ATIS Group LLC Victor Charles Anvick M.S. Tax E. A .
Aviation Tax Specialist This article discusses a major pro taxpayer change in California sales and use tax treatment of aircraft that are used for business purposes in interstate commerce. For purposes of the use tax exemption, a "plain vanilla" business trip from California to any out of state destination will qualify as interstate commerce. Aircraft owners that may have trouble qualifying for the Common Carrier exemption because of delays in getting their aircraft on an FAR Part 135 certificate, may want to look at using this exemption.
CALIFORNIA INTERSTATE COMMERCE USE TAX EXEMPTION A PRACTICAL APPROACH Victor C. Anvick M.S.Tax E.A. Aviation Tax Specialist (661) 269-9441 firstname.lastname@example.org website: www.atisgroup.com The purpose of this article is to provide information how I received an exemption from California sales and use taxes on my own aircraft, a 2001 Cessna Turbo 182.
My intentions are also to offer a brief explanation of the new business friendly commercial interstate commerce regulation and some practical information concerning the California State Board of Equalization, S.B.E, the authority that regulates and collects sales and use taxes in California. Background : On December 17, 2000 the S.B.E. adopted some new pro ... more. less.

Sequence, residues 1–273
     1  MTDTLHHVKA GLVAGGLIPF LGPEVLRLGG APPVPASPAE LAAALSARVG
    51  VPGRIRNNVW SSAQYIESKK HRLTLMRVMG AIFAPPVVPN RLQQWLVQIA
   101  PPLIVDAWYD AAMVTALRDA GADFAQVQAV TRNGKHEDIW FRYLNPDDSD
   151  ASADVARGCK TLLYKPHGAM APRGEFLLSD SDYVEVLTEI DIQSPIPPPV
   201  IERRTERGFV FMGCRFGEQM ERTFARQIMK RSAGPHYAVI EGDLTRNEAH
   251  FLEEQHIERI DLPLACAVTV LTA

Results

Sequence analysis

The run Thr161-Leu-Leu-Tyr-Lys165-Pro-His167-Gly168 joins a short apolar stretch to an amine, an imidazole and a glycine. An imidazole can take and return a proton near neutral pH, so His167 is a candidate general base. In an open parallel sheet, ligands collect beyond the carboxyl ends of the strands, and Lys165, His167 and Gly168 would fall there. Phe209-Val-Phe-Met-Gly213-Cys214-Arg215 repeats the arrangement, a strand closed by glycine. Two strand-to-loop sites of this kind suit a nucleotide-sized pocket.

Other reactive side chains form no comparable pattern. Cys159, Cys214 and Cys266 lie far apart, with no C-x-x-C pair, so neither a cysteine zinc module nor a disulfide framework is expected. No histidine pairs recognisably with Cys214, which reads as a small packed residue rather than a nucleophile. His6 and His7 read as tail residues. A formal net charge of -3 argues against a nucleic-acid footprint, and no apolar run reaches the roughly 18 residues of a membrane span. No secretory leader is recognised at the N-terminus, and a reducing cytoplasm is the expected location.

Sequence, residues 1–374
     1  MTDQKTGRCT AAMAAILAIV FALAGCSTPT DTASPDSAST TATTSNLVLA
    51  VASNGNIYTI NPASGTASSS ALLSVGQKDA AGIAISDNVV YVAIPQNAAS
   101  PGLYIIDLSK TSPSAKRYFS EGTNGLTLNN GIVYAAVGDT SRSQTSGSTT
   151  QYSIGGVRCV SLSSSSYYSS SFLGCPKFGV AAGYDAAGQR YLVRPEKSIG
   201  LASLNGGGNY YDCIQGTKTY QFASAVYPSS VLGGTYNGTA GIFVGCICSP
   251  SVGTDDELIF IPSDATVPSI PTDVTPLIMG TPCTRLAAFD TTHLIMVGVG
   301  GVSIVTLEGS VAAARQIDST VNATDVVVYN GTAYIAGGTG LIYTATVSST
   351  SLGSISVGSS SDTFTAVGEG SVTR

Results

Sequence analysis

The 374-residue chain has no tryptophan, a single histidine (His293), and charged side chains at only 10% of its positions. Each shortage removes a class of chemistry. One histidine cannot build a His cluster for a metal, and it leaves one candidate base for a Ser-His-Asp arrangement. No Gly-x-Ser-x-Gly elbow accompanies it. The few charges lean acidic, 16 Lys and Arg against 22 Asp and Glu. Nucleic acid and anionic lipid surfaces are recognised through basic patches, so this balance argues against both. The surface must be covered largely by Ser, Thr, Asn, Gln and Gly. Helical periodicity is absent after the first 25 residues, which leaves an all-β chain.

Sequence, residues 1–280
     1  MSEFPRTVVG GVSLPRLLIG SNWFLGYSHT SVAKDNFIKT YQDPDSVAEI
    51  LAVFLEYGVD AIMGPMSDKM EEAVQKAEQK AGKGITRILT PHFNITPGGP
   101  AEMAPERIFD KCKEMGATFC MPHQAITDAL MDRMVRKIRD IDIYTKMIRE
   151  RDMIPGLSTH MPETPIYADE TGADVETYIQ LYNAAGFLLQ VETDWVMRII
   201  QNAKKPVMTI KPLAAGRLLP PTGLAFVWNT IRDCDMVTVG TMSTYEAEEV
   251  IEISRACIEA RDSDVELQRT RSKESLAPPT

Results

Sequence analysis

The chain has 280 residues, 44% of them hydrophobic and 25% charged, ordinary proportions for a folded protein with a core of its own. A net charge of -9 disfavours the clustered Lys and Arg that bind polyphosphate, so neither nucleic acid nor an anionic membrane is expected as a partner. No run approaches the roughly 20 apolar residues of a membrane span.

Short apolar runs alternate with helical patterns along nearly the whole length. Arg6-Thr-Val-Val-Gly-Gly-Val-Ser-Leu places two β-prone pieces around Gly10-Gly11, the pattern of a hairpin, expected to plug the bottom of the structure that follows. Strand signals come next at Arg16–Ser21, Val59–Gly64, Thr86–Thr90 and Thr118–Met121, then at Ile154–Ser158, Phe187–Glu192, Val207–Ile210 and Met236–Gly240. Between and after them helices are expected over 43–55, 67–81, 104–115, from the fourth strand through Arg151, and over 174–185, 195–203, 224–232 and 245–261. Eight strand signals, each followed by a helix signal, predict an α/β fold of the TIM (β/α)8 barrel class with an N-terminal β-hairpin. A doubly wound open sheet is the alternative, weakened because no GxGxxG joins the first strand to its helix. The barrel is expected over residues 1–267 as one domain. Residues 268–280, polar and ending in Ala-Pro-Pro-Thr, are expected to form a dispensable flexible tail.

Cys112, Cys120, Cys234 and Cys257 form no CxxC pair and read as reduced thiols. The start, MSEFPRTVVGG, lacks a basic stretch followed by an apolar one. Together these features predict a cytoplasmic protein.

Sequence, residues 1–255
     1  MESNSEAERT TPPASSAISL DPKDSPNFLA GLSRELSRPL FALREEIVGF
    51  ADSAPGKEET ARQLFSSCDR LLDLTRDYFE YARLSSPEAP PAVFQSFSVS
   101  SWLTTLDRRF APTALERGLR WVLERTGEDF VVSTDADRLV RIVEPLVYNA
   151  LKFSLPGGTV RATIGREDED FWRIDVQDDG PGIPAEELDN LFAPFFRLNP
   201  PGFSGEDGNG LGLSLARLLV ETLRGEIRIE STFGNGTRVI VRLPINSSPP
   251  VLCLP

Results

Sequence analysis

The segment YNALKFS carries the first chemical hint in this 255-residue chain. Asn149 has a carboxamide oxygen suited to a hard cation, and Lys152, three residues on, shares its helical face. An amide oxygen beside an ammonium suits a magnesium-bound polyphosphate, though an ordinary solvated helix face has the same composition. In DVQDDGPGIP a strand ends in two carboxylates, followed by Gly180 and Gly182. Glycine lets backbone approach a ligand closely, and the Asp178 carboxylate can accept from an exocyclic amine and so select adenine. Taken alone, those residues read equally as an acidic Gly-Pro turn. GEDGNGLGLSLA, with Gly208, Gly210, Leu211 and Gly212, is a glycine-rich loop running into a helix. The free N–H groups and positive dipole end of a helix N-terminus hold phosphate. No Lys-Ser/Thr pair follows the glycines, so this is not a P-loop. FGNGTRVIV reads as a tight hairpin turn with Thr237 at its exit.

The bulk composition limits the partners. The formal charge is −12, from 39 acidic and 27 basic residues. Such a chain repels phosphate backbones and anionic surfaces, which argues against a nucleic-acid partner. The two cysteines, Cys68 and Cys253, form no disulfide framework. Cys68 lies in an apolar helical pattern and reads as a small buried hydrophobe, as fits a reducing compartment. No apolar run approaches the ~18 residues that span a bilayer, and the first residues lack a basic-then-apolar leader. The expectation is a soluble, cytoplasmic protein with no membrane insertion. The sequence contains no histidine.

taxpayer language that was added to California Sales/Use Tax Regulation 1620(b).<br><br> As of December 17, 2000, California became a very caircraft friendly d state for those owners who can demonstrate 50% or greater business usage outside of California during the required six month test period. Briefly, the S.B.E. will grant a sales and use tax exemption if the aircraft buyer: 1.<br><br> Takes delivery of an aircraft outside of California; 2. Immediately places the aircraft into commercial interstate commerce; 3. Uses the aircraft in interstate commerce for a period of six (6) months after the aircraft enters California; and 4.<br><br> Achieves a commercial interstate flight time factor of 50% or more during the six months immediately following entry into California. When I read the new provisions in their entirety, the first question that came to mind was: What is the definition of a commercial interstate flight? To receive an answer to that question and many others specifically related to my particular set of facts and circumstances, I applied for a sales and use tax ruling on December 26, 2000.<br><br> 2 ATIS Group LLC Victor Charles Anvick M.S. Tax E. A.<br><br> Aviation Tax Specialist Continued Ruling Request : 1. In the ruling request, I stated that the aircraft delivery would take place at Independence, Kansas. 2.<br><br> Immediately after delivery at Independence, the first flight would be a business flight to Wichita, Kansas for a business meeting with a Cessna executive and a current client. 3. After entering California a few days later, the aircraft was to be hangared approximately 150 days out of the six month test period.<br><br> I also indicated that the anticipated business usage and out -of-state flight time to see current and prospective clients would be well above the 50% requirement. After I sent the ruling to the S.B.E., I continued to work with several auditors and sales tax legal counsel in Sacramento in an attempt to clobby d for a broad general definition of a ccommercial interstate flight. d Some auditors and attorneys were initially of the opinion that in order to qualify as a commercial interstate flight, the flight should be conducted under FAR Part 135. Still others thought that a trip should qualify as long as it had a business purpose.<br><br> The answer to the ruling request came several months later. Answer to Ruling Request : The following is a quote from the answer to my sales and use tax ruling request. c Regarding the meaning of commercial flight time, this simply means business travel as opposed to personal travel.<br><br> If the aircraft is used for a business purpose, the use qualifies as commercial flight time. If the aircraft is used for personal use, it does not qualify as commercial flight time. For example, when your business uses the aircraft to fly to Nevada to meet with a client, then this flight would qualify as commercial flight time.<br><br> On the other hand, if you were to use the aircraft to go on a golfing vacation with your spouse, then this trip is not a business trip, and the flight would not qualify as commercial flight time . d At the end of the six-month test period, I accumulated more than enough out-of-state business flight time to qualify for the use tax exemption. The next step was to assemble a documentation package to prove the qualification for the exemption. The following is a list of items that were submitted as part of the documentation/qualification package: 1.<br><br> Out-of-state delivery certificate identifying the aircraft, date, place of delivery and Hobbs meter reading. The certificate was not notarized; however, it was signed by a Cessna representative and me. 2.<br><br> Fuel and tie-down receipts for out-of-state locations. 3. An aircraft logbook reflecting all flights beginning with the first flight from Independence to Wichita and concluding with the first flight after the end of the test period.<br><br> (Please don 9t send copies of your personal pilot log book. For this test, the auditors are not interested in your advanced ratings or the like. I personally 3 ATIS Group LLC Victor Charles Anvick M.S.<br><br> Tax E. A. Aviation Tax Specialist Continued recommend that all of my clients keep a separate logbook just for this purpose.) 4.<br><br> Maintenance records for maintenance performed during the test period. 5. A transmittal letter describing the need for the aircraft in connection with my aviation tax practice.<br><br> 6. A description of the business purpose for each trip accompanied by the name of the client. 7.<br><br> A calculation of the commercial interstate usage factor. Please note that the entire flight time for both outbound and inbound legs counts as interstate flight time as long as there are no intermediate California landings. EXAMPLE: A business flight from Van Nuys, California to Reno, Nevada back to Van Nuys would receive full credit for the trip to Reno and back.<br><br> However, if you flew from Van Nuys to Sacramento, then Sacramento to Reno, only the portion of the outbound trip from Sacramento to Reno would count. The entire return leg from Reno to Van Nuys, California would also qualify. In connection with one of my client 9s aircraft, we were also required to submit the following: 1.<br><br> Copies of federal income tax returns showing that the aircraft was in fact depreciated for business purposes. 2. Copies of client engagement letters to prove that the individuals and entities named in the aircraft logbook were bona fide clients.<br><br> Practical Considerations : Because of the current state budget crisis, the California State Board of Equalization has found it necessary to eliminate over 140 staff positions. There are only two senior tax auditors that handle the aircraft cases in Sacramento. Because of their tremendous workload they have no time to establish a cpen pal d relationship with taxpayers whose documentation packages are not assembled in a clean, concise and convincing manner that clearly shows that a particular aircraft merits an exemption.<br><br> Therefore, please be very careful with the type of documentation that you include in your package. Please remember that if the auditor has any doubt as to whether an exemption is due the taxpayer, the auditor is required by three long-standing court decisions to rule in favor of the S.B.E. For that reason and because we are still dealing with a relatively new law, I am personally meeting with the auditor on all interstate commerce cases for tax liabilities in excess of $250,000 because I do not want to risk a misinterpretation of something sent through the mail.<br><br> 4 ATIS Group LLC Victor Charles Anvick M.S. Tax E. A.<br><br> Aviation Tax Specialist Continued Summary : This new law places California at the top of the list as being aircraft friendly to all owners who can demonstrate they use their aircraft for bona fide business purposes across state lines during the test period. Refund possibilities may also exist for sales/use taxes paid on aircraft that could not meet one of the other more restrictive tests in prior years. Victor Anvick is the managing member of A viation T ax I nformation S ervices 3 ATIS Group LLC., located in Acton, California.<br><br> He has over 30 years of tax experience and since 1983 has specialized exclusively in researching and developing integrated aircraft business plans to assist aircraft owners in securing and protecting maximum income, sales and estate tax savings as a result of their aviation investment. Extensive cooperation with a client 9s current tax and legal advisors is encouraged. California Interstate Commerce Use Tax.doc<br><br>